Where is Tabriz !?
Tabriz is the capital of Azerbaijan, in the north-west of Iran and it is the fifth-largest city in that country. Since the seventeenth century, it has been one of the foremost carpet-producing towns in the country. It is one of the oldest rug weaving centers and makes a huge diversity of types of carpets. The range starts at Bazaar quality of 24 raj (Number of knots per 7 cm of the widths of the rug) and on up to the incredibly fine 110 raj. Raj are the units of knot density (it shows the fitness of the rug which based on the number of strings used for the foundation of the rug. Strings materials are usually made of cotton or silk which is used for very fine rugs). Tabriz rugs are woven either in the city of Tabriz or any other surrounded villages. Even today its weavers are reputedly among the most skilled and work with great speed using a special knotting hook. Tabriz weavers favor the central medallion design with repeat corner decorations, thought is inspired by hand-tooled book covers.
These rugs are richly ornamented with elegant arabesques and intertwining flowers across the entire field. And another design named Herati which has a high standard design. Backgrounds are usually deep red, navy blue, ivory or even cream and patterned with a variety of subtle shades. Tabriz is also famous for its pictorial rugs. The four seasons design is popular, as are pictures of mosques and palaces. However, the most frequent designs portray Persia’s four greatest poets - Firdausi, Hafiz, Saadi, and Omar Khayam.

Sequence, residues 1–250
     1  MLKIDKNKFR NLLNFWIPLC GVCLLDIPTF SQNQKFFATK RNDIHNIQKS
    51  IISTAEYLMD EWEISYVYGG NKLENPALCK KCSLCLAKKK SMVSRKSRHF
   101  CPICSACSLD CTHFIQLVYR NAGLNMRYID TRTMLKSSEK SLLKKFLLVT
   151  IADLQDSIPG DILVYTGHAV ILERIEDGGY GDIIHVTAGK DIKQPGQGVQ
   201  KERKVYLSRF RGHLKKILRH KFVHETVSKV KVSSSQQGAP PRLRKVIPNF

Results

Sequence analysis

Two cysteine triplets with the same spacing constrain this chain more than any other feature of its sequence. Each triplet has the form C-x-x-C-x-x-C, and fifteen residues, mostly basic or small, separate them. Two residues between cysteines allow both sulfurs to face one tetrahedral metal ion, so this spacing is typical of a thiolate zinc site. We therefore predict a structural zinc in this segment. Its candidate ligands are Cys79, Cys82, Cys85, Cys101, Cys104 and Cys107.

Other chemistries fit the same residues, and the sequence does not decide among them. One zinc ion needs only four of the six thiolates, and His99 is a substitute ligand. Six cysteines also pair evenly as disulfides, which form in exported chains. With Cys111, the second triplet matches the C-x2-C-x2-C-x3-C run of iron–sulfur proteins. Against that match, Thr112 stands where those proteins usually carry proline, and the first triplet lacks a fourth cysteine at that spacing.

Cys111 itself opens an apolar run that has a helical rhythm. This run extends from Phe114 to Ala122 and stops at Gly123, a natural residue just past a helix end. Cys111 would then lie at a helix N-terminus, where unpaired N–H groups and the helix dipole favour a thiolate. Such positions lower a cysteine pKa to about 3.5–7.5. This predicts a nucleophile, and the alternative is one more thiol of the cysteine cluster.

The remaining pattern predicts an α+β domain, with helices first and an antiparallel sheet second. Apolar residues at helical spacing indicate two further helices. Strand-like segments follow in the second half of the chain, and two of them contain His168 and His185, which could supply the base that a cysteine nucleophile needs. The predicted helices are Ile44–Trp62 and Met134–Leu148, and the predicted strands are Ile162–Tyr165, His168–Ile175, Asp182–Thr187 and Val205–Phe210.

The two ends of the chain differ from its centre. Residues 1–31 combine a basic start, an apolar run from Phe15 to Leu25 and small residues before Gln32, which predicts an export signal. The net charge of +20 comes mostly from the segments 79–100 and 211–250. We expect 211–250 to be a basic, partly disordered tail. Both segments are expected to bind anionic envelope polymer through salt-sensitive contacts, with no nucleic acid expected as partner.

Tabriz rugs are extremely hard-wearing. Warp and weft threads are of cotton. Rugs are woven with either the Persian or Turkish knot, although more usually the latter. Tabriz has exported rugs for many years, and as a result, they are produced in a great range of sizes and shapes.
Persian carpets of Tabriz are priceless in the world. They are unvival In quality, design, and beauty. Other countries such as India and China have tried to imitate Iranian designs but they don’t even come close to splendor and exquisiteness of Persian hand-woven carpets.
The only tools use to make a rug are a knife with a hook, scissors, and heavy cones.